Private Passions favours the gently gently approach

Antonia Quirke on Radio. 

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Private Passions
Radio 3

“We were banned from playing Mahler in the studio,” explained the Spitting Image artist Roger Law to presenter Michael Berkeley on Private Passions, remembering the days spent moulding his infamous caricature puppets – “because he affects your mind.” Berkeley had just sat through Law’s first choice, some truly dextroamphetamined synthesiser music apparently specifically composed for playing inside Chinese-manufactured cars (“Yes, that is very funny, Roger, but it can also drive you mad”): he was clearly keen to celebrate how Mahler’s Symphony No 5 might stir even a decomposing corpse. “It’s very beautiful . . .” he started, as the cautious strings crept in beneath the conversation. “Not if you’ve got a deadline,” slammed Law. End of.

Private Passions (Sundays, noon) is on a roll. Great guests; and the host at his most understanding, prising information as one might a winkle with a pin. Take the show with the actress Kika Markham – Corin Redgrave’s septuagenarian widow – a couple of weeks ago. “Your whole background is . . . pretty bohemian by many standards . . .” Berkeley suggested. “You left school with two O-levels, which wouldn’t get you very far at university these days, but also with a full-blown relationship with the art teacher . . .” Markham sighed. This was a masterful lesson in how to sound interesting by not telling the juicy stories oneself – just getting your interlocutor to do most of it for you.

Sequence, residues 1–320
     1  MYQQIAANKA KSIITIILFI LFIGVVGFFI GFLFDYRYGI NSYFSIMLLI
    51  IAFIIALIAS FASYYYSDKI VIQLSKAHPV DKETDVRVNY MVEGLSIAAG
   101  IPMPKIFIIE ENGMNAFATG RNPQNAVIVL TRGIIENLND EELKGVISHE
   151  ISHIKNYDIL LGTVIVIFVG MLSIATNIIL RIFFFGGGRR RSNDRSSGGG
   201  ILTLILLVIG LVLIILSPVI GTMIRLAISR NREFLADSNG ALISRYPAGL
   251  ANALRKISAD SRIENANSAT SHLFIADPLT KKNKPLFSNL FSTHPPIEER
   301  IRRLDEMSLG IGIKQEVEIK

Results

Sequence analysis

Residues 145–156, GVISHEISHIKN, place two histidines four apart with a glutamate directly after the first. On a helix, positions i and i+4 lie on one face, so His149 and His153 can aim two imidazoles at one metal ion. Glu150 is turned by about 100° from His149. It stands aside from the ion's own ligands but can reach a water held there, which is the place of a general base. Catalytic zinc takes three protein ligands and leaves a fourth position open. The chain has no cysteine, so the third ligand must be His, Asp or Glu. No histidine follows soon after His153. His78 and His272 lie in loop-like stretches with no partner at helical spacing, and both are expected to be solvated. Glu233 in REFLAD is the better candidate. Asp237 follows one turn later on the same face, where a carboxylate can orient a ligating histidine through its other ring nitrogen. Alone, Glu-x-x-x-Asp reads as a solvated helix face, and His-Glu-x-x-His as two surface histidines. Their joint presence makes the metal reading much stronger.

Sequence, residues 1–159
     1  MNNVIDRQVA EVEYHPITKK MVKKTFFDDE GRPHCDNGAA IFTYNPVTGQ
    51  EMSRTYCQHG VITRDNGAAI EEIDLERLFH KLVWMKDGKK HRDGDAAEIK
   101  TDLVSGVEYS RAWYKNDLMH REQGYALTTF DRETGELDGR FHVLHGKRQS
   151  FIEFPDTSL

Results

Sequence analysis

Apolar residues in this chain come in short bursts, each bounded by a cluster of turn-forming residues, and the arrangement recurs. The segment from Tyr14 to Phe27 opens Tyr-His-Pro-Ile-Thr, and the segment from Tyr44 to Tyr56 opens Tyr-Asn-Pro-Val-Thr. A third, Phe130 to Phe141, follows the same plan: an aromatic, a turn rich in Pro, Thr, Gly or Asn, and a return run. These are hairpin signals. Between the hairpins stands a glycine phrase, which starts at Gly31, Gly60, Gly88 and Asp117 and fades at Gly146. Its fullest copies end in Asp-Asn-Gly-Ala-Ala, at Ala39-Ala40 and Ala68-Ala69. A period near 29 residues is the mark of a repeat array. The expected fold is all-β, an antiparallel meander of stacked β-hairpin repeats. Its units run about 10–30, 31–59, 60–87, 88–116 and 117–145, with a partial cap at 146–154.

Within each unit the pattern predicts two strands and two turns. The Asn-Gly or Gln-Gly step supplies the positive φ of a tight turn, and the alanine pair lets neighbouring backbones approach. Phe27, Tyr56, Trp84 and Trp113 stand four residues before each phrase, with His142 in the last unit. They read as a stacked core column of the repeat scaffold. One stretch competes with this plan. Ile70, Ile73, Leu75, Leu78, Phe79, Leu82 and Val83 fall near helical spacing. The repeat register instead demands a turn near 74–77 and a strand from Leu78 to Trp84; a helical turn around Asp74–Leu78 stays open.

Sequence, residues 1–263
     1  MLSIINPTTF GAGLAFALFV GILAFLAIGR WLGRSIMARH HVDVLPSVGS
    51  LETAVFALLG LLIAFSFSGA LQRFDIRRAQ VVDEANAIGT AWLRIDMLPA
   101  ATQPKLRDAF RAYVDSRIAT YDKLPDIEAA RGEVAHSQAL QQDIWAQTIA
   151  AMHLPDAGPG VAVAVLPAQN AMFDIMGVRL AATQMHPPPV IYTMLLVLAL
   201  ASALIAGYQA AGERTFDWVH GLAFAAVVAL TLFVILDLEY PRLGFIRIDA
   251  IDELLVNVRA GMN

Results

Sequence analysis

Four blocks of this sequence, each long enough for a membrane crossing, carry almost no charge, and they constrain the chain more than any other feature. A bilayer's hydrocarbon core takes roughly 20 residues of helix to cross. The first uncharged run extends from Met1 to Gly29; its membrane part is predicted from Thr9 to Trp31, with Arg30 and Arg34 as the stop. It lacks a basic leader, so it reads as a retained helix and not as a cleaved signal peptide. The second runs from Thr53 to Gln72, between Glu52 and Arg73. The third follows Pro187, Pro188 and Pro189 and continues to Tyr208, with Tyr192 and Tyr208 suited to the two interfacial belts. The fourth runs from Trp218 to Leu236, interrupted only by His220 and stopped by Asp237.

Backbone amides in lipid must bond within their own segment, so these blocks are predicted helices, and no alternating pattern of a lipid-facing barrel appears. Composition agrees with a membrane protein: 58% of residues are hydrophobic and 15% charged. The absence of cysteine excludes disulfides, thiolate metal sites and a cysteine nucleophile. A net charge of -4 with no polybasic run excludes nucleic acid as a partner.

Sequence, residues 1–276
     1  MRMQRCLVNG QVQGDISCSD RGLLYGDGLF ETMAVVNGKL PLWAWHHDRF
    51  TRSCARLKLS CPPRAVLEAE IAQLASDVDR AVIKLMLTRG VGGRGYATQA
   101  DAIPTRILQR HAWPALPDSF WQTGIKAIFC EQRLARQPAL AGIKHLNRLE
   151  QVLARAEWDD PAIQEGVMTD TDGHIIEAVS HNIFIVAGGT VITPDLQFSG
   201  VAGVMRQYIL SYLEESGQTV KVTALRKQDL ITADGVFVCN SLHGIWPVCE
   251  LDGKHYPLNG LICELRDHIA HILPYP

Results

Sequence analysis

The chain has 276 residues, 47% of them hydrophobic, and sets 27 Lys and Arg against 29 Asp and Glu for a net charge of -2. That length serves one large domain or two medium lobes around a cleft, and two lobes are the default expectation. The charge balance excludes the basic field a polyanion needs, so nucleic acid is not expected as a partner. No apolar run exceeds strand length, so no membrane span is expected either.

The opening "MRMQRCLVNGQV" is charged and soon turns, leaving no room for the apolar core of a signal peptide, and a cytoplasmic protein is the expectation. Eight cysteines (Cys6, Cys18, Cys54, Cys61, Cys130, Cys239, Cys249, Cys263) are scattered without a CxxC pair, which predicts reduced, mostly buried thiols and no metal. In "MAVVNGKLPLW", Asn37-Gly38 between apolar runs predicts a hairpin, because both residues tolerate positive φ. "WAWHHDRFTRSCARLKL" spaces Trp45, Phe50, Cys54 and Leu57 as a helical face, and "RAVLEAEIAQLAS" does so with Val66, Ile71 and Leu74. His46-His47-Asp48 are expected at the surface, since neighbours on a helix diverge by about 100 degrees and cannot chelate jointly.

“Mmmm,” she granted, modestly.

“For which I imagine you were rather young?” he prodded.

“I was much too young,” she agreed. Over the next half-hour it also emerged that, among other things, she had an affair with François Truffaut when making Les deux Anglaises et le continent in 1971. “That film was about a love triangle,” Berkeley said, “and working with Truffaut I think you got . . . rather tangled up with him, too.”

“I did,” sighed Markham, and then, feelingly, “Shivers down the spine . . .” Though never exactly articulated, an implication hung in the air: that she had been one of those lovely young women who had slept with absolutely everybody. No apologies in this show, no guilt and – crucially – no preening. And no Mahler. Although you can’t ask for everything. 

Antonia Quirke is an author and journalist. She presents The Film Programme on BBC Radio 4. She writes a column on radio for the New Statesman.

This article appears in the 13 November 2014 issue of the New Statesman, Nigel Farage: The Arsonist

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